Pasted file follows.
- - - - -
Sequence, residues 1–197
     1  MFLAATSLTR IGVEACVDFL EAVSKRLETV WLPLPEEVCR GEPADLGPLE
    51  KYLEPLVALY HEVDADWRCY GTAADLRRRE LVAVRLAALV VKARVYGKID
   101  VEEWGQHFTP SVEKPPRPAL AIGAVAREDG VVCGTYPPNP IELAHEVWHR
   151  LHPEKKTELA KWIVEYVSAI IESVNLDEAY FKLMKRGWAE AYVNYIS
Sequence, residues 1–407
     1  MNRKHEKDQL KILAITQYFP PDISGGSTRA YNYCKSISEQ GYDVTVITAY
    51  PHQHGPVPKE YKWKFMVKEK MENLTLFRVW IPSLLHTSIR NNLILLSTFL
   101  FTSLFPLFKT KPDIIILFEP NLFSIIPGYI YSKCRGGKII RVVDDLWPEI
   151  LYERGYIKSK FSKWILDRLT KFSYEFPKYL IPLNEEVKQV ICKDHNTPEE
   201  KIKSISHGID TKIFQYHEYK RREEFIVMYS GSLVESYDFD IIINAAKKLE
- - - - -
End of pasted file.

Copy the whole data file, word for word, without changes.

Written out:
Sequence, residues 1–197
     1  MFLAATSLTR IGVEACVDFL EAVSKRLETV WLPLPEEVCR GEPADLGPLE
    51  KYLEPLVALY HEVDADWRCY GTAADLRRRE LVAVRLAALV VKARVYGKID
   101  VEEWGQHFTP SVEKPPRPAL AIGAVAREDG VVCGTYPPNP IELAHEVWHR
   151  LHPEKKTELA KWIVEYVSAI IESVNLDEAY FKLMKRGWAE AYVNYIS
Sequence, residues 1–407
     1  MNRKHEKDQL KILAITQYFP PDISGGSTRA YNYCKSISEQ GYDVTVITAY
    51  PHQHGPVPKE YKWKFMVKEK MENLTLFRVW IPSLLHTSIR NNLILLSTFL
   101  FTSLFPLFKT KPDIIILFEP NLFSIIPGYI YSKCRGGKII RVVDDLWPEI
   151  LYERGYIKSK FSKWILDRLT KFSYEFPKYL IPLNEEVKQV ICKDHNTPEE
   201  KIKSISHGID TKIFQYHEYK RREEFIVMYS GSLVESYDFD IIINAAKKLE